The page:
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Food Waste Prevention

According to CalRecycle’s 2014 Disposal-Facility-Based Characterization of Solid Waste in California, food waste accounts for approximately 21% of the residential waste stream making it the largest portion of residential disposed waste. The United Nations Environment Program states that if global food waste were a country, it would be the third largest emitter of greenhouse gases.

Food Waste Facts*

  • America wastes up to 40% of all food
  • A family of four spends $1,500 a year on food they don’t eat
  • Every American wastes 290 pounds of food per year
  • 76% of people believe they throw out less food than the average American.
Best if used - food package

Understanding Date Labels*

Food expiration dates have less to do with food safety, and are more related to quality. They’re the manufacturer’s best estimate of when the product is at its freshest or “peak quality.” Many foods will still be good to eat days, weeks, or months after those dates, depending on the food and the proper storage conditions.

So, if you’ve been throwing food out on these dates, you’re not alone. According to the Natural Resources Defense Council (NRDC), 90 percent of us occasionally throw away food too soon, and over half of us do it regularly, all due to a simple misunderstanding about package dates. Below are some common date messaging and what they truly mean:

  • "BEST BEFORE" - These dates refer to quality rather than food safety. It’s the date before which the brand stands by its product (unless it’s been opened or left out at the wrong temperature). Foods with a “best before” or “use by” date should be safe to eat after the date has passed, but they may no longer be at their very best quality in terms of flavor. This is true for “best by,” “best if used by,” “enjoy by,” and other similar expressions.
  • "FREEZE BY" - One good way to extend the life of food beyond its date is to freeze it. It’s like pushing the pause button on your food. Almost anything can be frozen—meat, milk, cheese, eggs, bread, unused pasta sauce, etc.
  • “SELL BY" - You can ignore these dates as they are meant for store staff. They actually build in quality so that if the food is sold by that date, you can still get it home and have top-quality shelf life for some time.
  • USE YOUR EYES AND NOSE - For the most part, you can trust your senses to know when food has gone bad. Milk, yogurt, juice, sauces - they can all be subject to the sniff or taste test. Even meat that looks a little faded or gray is okay to eat. CAUTION: The products to be careful with are those that pregnant women, seniors, and young children are told to avoid such as deli meats and unpasteurized dairy products.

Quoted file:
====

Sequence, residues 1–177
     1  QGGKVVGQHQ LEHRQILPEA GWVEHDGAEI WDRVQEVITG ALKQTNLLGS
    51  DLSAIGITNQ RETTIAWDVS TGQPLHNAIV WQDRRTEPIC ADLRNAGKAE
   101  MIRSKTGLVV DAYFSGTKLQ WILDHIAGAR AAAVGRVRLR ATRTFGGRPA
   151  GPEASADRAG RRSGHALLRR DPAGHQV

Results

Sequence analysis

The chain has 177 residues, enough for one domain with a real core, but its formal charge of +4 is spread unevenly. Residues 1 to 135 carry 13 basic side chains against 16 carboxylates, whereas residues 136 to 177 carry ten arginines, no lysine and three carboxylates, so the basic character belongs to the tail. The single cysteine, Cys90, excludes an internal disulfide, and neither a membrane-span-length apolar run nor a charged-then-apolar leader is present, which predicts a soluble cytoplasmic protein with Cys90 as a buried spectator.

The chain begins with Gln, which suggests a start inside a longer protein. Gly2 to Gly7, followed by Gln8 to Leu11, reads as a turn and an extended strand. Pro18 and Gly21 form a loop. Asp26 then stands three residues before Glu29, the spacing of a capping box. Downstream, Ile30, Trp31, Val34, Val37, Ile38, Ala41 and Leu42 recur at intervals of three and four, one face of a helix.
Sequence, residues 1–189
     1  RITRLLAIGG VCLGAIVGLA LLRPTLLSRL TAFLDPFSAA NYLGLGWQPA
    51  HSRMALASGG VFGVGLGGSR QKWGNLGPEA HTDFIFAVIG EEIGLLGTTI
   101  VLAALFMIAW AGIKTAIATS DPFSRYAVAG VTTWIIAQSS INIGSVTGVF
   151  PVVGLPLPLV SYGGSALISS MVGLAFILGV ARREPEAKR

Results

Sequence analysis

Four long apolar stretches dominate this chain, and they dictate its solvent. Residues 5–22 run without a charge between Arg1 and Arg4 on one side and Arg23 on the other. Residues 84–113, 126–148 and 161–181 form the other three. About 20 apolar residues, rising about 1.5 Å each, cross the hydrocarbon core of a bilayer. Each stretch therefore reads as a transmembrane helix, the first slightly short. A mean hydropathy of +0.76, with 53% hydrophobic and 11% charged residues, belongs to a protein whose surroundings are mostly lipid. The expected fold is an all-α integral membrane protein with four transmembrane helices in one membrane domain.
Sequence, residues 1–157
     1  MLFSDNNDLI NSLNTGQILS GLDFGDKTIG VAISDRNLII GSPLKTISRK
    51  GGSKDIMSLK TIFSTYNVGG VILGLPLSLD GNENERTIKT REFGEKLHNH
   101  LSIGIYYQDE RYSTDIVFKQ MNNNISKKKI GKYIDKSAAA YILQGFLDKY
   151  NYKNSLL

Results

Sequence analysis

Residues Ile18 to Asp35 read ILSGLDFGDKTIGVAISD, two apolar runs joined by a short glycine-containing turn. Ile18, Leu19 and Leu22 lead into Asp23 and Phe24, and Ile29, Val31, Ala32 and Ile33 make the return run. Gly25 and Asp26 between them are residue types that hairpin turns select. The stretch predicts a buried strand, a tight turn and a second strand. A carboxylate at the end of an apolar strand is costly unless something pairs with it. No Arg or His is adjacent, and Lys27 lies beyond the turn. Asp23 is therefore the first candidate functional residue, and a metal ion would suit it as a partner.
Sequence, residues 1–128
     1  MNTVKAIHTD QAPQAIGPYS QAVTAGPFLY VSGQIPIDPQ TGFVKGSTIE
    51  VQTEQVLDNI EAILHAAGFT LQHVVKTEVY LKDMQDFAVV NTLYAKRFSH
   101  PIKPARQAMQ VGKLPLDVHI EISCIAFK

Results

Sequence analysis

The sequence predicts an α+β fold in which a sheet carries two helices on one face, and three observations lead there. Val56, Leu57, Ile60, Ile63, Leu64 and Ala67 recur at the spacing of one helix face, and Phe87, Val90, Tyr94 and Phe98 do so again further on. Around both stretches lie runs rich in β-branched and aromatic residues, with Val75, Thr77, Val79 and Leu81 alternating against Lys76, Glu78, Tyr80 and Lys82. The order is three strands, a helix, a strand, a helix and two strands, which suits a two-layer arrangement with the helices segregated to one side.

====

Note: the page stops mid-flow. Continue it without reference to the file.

Get the Most Out of Your Freezer*

  • FREEZE IN PORTIONS – Plan your meals ahead when buying and freezing your food. For example, you probably won’t need a whole loaf of sliced bread at once, so portion what you’ll use now and refrigerate or freeze the rest.
  • KEEP IT AIRTIGHT - Less air = less freezer burn. Freezer burn is what happens when foods oxidize in the freezer; it is harmless but affects taste. Water crystals that form on frozen foods are perfectly normal and the food is safe to eat.
  • LEAVE ROOM FOR LIQUIDS - Most liquids expand in the freezer, so leave about half an inch at the top of containers to account for this.
  • LABEL AND ORGANIZE - Label containers with contents and date, and use clear containers when possible so you can easily see what’s inside.
  • DEFROST SAFELY - The safest ways to defrost frozen foods are by placing them in the fridge overnight or in a bowl of cold water.
Bag of bread

Tips and Tricks to Revive Your Food and Prevent it from Becoming Waste*

Did you overcook, burn or over salt you meal? Don’t worry here are a few ways to save your meal from going to waste!

  • WILTED - A quick soak in ice water for 5 to 10 minutes is often enough to reinvigorate wilted veggies. Bendy carrots will straighten right up, lettuce will crisp, and limp broccoli will find its strength again. And even if they can’t be restored, some veggies you intended to eat raw carrots, celery, and greens can still shine in a cooked dish.
  • STALE - Toast stale chips and crackers for a minute or two in a regular oven or toaster oven to crisp them right back up. One example is old bread which turns into perfectly acceptable toast or can be cut into cubes for croutons. And those crumbs and small bits at the bottom of a bag of chips or crackers add a lively crunch when sprinkled over salads.
  • SALTY - Is your soup too salty? Add vinegar, lemon juice, or brown sugar to fix the problem or dilute with water, crushed tomatoes or unsalted broth. You can also pop a raw, peeled potato into the pot of soup to absorb some of the salt. Remove the potato before serving and combine it with another boiled potato to make a not too salty mash.